kaitlyn Reifsteck

Kaitlyn Reifsteck — inside the Tuscola High School gym on Wednesday afternoon — is a key reason to watch out for Tuscola softball this spring. The senior right-hander and future Eastern Illinois pitcher had 30 strikeouts during two wins last Saturday.

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TUSCOLA — Softball runs in Kaitlyn Reifsteck’s blood.

Her mother, Jennifer, used to play at Villa Grove High School.

“She definitely pushed me to keep playing and do my best,” the younger Reifsteck said.

Would it be fair to suggest Reifsteck is following in her mom’s footsteps, then?

“If she took it more seriously back then,” Reifsteck said.

That’s not a knock on Mrs. Reifsteck.

Kaitlyn Reifsteck simply has taken her game to a different level.

The Tuscola senior showed that last Saturday when she racked up 30 strikeouts across 13 innings during victories against North Central (Ind.) and Arcola at Ervin Park.

Reifsteck also permitted just four hits, hurling a one-hitter for the Warriors (3-0) versus the Purple Riders and finishing with two complete games last weekend.

“I was really amped up,” said Reifsteck, an Eastern Illinois softball signee. “After I got my first inning under my belt, I was rolling from there.”

Incredibly, there’s precedent for Reifsteck to put forth such an effort.

During a March tournament with the Mattoon Pride travel team, Reifsteck said she notched 39 strikeouts across three games in one day.

It’s a benefit of the softball pitching style that isn’t emulated in baseball — because of the underhand throwing motion, Reifsteck and others can log more innings.

And strikeouts, if they’re good enough.

“I wasn’t sore or anything,” Reifsteck said of how she felt after last Saturday’s doubleheader. “It feels good to be the ace on the team, for sure.”

So how did Reifsteck, a 2019 News-Gazette All-Area second-team selection as a sophomore, get to this point?

Family is a big reason. Not just that her mom played softball, but that Jennifer and Tim Reifsteck, Kaitlyn’s father, are heavily committed to their daughter’s athletic ventures.

The Reifstecks boast a shed outside their home in which Kaitlyn and her dad regularly work out. That proved especially important early in the COVID-19 pandemic, when such opportunities weren’t as easy to find in other places.

“I constantly lift (weights), five days a week. Me and my dad pitch between three and four times a week,” Reifsteck said. “It does get tiring practicing. But it’s paid off so much, and it’s been worth it — totally worth it.

“They’ve been the best support system I could ask for, and they always push me.”

Reifsteck also has surrounded herself with other helpful adults.

Tuscola coach Lenny Sementi has overseen one of the area’s most consistently successful softball teams since 2001. Reifsteck said former Warriors assistant coach Stephanie Goodwin, who was with the program during Reifsteck’s freshman year, proved important in helping Reifsteck with arm speed and pitch movement.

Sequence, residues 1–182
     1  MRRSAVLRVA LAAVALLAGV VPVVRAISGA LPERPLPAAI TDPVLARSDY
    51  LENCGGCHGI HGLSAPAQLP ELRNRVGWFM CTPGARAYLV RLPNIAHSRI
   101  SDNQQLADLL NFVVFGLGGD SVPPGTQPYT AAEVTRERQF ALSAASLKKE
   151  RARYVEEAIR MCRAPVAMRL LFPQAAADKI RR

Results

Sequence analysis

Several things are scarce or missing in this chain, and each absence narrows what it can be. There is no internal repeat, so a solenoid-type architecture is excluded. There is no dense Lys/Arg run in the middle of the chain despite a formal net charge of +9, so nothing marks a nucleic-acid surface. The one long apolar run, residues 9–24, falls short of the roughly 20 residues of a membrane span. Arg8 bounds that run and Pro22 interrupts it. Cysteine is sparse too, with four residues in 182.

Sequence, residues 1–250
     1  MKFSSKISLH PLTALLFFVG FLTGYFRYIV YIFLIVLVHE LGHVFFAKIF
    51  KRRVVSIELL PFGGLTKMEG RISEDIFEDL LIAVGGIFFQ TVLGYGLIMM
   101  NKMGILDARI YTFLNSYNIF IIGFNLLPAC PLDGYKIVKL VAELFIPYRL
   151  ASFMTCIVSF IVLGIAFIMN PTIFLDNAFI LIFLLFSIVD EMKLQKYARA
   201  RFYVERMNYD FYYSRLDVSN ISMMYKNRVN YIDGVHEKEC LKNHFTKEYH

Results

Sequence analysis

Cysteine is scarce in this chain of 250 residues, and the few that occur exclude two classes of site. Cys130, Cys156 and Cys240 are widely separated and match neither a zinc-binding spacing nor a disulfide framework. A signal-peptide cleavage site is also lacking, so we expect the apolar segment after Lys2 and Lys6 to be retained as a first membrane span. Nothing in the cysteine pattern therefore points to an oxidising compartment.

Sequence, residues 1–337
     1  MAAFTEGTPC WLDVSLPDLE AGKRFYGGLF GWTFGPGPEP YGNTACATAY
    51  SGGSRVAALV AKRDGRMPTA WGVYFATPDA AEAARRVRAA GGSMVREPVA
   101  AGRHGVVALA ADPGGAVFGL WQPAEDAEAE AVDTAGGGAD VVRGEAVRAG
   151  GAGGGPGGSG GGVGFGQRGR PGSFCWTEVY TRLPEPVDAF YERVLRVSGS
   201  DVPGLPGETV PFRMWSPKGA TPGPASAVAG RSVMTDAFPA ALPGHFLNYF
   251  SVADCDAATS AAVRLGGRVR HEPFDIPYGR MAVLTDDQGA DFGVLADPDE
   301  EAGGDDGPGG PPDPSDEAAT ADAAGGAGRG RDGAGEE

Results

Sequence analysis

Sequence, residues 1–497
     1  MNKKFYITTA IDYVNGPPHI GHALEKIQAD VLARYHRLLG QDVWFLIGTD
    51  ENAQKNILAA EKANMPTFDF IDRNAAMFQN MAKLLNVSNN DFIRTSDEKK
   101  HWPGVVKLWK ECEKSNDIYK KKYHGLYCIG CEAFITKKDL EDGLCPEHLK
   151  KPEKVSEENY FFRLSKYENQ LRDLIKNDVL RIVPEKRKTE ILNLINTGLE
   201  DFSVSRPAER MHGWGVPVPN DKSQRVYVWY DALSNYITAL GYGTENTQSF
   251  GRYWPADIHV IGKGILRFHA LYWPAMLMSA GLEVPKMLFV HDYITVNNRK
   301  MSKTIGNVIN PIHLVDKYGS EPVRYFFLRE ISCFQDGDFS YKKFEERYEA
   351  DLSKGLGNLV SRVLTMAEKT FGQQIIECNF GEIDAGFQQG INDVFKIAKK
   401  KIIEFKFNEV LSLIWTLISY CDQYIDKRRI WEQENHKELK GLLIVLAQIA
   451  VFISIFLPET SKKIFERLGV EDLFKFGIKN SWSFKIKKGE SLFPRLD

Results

And then there’s Denny Throneburg. A six-time IHSA state-champion coach at Casey-Westfield in the 1980s and 1990s, Throneburg has mentored numerous athletes through the years in east central Illinois. Reifsteck is among them, starting her work with Throneburg around Reifsteck’s fifth-grade year. Throneburg, the former Lake Land athletic director and softball coach, said he knew immediately that Reifsteck could be successful in the circle for two main reasons.

“One, her work ethic is exceptional,” Throneburg said. “And the other thing is ... she could always spin the ball.”

Reifsteck said she utilizes four pitches: a fastball, changeup, riseball and curveball.

“I use my movement pitches a lot,” Reifsteck said. “Those are what get me swings and misses.”

“She is comfortable with spinning four pitches, and that obviously will make her better,” Throneburg added. “If a kid throws really hard but only throws a fastball ... it’s going to get hit. She has an extremely high softball IQ, and in pitching, that is important.”

Throneburg added that Reifsteck’s maturity and willingness to be taught also separate her from many other pitchers he’s worked with.

And he wasn’t surprised when told that Reifsteck recently sent 30 batters down either looking or swinging at a third strike.

“Not really,” Throneburg said. “Obviously that’s a great accomplishment. We never want to take great pitching performances for granted.

“We’ve had numerous conversations between her mom, her dad, herself and me as to where we thought she could go. I just think Eastern is a great fit for her, and I’m really happy that’s where she’s going.”

Reifsteck carries an equally glowing review of Throneburg as a coach in helping out her pitching performances.

“He’s built me from the ground up,” Reifsteck said.

Reifsteck plans to continue grinding away in the family shed with her father once the Warriors’ 2021 season comes to an end, hoping to secure a starting pitching role as an Eastern Illinois freshman. Before that time comes, there’s the matter of helping Tuscola to some IHSA hardware. The Warriors own a Class 2A regional championship in Reifsteck’s tenure — earned during her freshman season — but are trying to make up for lost time after last year’s season was canceled because of the COVID-19 pandemic.

“We’re so excited to be able to have something to work toward,” Reifsteck said. “And I hope and believe we can go far in this postseason.”

Colin Likas covers Illinois football and high school sports at The News-Gazette. He can be reached at clikas@news-gazette.com, or on Twitter at @clikasNG.

College/Prep Sports Reporter

Colin Likas covers Illinois football and high school sports at The News-Gazette. His email is clikas@news-gazette.com, and you can follow him on Twitter (@clikasNG).

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